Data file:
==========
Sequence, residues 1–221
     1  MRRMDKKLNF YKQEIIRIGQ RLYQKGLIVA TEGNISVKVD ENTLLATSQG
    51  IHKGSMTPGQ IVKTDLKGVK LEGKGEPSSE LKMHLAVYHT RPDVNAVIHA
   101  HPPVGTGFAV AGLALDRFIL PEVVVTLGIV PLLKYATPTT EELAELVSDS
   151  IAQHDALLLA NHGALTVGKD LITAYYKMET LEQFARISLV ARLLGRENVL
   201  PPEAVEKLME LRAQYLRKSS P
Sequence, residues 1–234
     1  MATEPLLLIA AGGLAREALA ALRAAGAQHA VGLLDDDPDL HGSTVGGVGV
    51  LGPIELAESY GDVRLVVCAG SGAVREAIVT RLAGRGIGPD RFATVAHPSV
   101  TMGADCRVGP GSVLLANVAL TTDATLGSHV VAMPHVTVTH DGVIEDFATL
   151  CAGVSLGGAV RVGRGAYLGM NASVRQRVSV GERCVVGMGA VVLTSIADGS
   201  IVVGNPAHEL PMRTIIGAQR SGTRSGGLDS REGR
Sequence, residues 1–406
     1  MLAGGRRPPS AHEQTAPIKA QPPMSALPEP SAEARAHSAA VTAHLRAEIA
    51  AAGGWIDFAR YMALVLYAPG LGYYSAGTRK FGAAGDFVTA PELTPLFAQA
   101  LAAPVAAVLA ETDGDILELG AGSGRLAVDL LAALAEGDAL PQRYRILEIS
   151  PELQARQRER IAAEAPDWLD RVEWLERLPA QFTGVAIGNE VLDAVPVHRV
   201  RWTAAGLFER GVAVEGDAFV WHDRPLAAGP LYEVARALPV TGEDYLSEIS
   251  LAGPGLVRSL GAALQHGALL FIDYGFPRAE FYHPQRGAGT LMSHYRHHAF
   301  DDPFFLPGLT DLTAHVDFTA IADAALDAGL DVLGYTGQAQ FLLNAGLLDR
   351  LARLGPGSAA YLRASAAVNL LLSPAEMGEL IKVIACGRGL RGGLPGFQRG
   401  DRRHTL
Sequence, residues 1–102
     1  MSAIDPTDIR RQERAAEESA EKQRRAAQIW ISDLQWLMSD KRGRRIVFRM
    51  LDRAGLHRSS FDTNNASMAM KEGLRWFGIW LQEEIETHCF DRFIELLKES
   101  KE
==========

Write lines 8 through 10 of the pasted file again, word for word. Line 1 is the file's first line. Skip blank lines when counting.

     1  MATEPLLLIA AGGLAREALA ALRAAGAQHA VGLLDDDPDL HGSTVGGVGV
    51  LGPIELAESY GDVRLVVCAG SGAVREAIVT RLAGRGIGPD RFATVAHPSV
   101  TMGADCRVGP GSVLLANVAL TTDATLGSHV VAMPHVTVTH DGVIEDFATL